The gender pay gap is in the national spotlight, now we need positive action to improve the figures, writes Emily Booth
This year’s Working in Architecture survey, in association with the Women in Architecture programme and campaign, focuses on the crucial issue of pay. More than 3,000 professionals responded to our survey – a fantastic number which demonstrates the level of engagement on this critical topic.
So what’s the picture? Our analysis shows the extent to which the gender pay gap has come into the national spotlight following the government’s 2017 legislation requiring all companies with more than 250 employees to report their pay gap data.
Overwhelmingly, the architecture profession supports the measure (82 per cent of respondents backed the policy), even if there are some data wrinkles that need to be ironed out. Feedback suggests it has been a spur to an important discussion about pay: senior executives and managers have been forced to address it.
The notion that women don’t speak up about their pay is wrong
While the pay gap remains, and some perceptions about it are stubbornly persistent (more than half of male respondents said they thought men and women were paid equally), our survey shows there are some bright spots. For example, the pay gap been men and women at architect level has narrowed somewhat.
The survey also busts some myths. It turns out that, in general, women negotiate as well – and as often – as men in terms of their pay. The notion that women don’t speak up about their pay is wrong. But if women start out from a lower financial base, the same percentage increase will mean they still end up being paid less over the course of a career.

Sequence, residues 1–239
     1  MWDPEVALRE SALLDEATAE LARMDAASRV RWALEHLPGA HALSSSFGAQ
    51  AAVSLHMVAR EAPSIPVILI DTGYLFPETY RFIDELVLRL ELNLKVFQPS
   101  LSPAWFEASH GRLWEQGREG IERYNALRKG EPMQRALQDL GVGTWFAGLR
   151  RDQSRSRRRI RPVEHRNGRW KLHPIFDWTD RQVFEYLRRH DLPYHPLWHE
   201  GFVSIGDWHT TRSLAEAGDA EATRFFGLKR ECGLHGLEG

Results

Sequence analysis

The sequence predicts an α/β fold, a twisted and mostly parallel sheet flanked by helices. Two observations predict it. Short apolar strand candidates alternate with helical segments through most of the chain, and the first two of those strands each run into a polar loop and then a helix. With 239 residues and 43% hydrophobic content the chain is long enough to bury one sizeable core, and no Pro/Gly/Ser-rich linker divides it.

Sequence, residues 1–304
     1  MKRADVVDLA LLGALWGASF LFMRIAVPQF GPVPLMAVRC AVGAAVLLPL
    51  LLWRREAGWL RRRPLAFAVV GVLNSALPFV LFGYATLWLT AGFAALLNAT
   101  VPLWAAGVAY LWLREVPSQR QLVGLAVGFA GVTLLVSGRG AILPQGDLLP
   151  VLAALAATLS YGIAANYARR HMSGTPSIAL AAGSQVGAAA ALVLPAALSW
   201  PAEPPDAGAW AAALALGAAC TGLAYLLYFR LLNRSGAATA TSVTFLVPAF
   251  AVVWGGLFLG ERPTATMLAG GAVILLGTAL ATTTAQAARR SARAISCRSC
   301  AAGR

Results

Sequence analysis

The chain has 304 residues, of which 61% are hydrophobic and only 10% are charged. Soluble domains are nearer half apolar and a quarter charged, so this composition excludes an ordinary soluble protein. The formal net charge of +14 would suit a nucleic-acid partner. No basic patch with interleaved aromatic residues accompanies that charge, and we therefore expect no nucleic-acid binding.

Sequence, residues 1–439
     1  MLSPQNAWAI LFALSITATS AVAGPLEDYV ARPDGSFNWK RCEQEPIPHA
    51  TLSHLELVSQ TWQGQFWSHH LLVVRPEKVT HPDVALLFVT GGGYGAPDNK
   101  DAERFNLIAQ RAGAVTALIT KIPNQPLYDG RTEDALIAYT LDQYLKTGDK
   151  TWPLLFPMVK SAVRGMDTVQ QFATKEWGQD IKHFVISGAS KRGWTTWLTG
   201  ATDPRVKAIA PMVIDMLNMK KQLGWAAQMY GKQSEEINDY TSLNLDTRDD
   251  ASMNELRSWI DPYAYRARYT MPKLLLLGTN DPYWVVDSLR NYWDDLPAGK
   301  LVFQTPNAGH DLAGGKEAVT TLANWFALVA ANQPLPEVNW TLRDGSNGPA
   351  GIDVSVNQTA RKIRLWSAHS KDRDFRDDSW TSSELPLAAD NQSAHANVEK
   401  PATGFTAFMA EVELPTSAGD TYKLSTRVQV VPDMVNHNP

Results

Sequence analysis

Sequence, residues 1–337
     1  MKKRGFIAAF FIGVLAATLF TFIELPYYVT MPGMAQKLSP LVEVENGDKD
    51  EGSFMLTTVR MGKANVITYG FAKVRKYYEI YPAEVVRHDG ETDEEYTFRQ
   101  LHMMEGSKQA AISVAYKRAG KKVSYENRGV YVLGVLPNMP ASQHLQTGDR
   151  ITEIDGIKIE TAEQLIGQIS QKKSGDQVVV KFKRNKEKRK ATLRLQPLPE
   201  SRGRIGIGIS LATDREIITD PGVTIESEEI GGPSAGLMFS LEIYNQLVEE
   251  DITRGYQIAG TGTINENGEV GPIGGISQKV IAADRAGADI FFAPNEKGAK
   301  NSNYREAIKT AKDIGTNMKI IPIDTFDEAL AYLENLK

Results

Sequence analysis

We were keen to poll on positive action that firms can take to improve their gender pay gap figures. Among a range of effective actions, those that garnered significant support included: multiple women in interview shortlists, using structured interviews for recruitment and promotions and – yes, introducing transparency to promotion, pay and reward processes.
There was considerable backing for ‘average salaries by role’ to be revealed to employees. People may be coy about full pay transparency, but perhaps average numbers are the way to break that spell of secrecy. And if you run a company of fewer than 250 employees and would like to share your gender pay gap stats, please get in touch. As we track this year’s pay gap reporting, which runs until 4 April, we’d be happy to share learnings from the smaller firms within the profession who are minding their gender pay gap.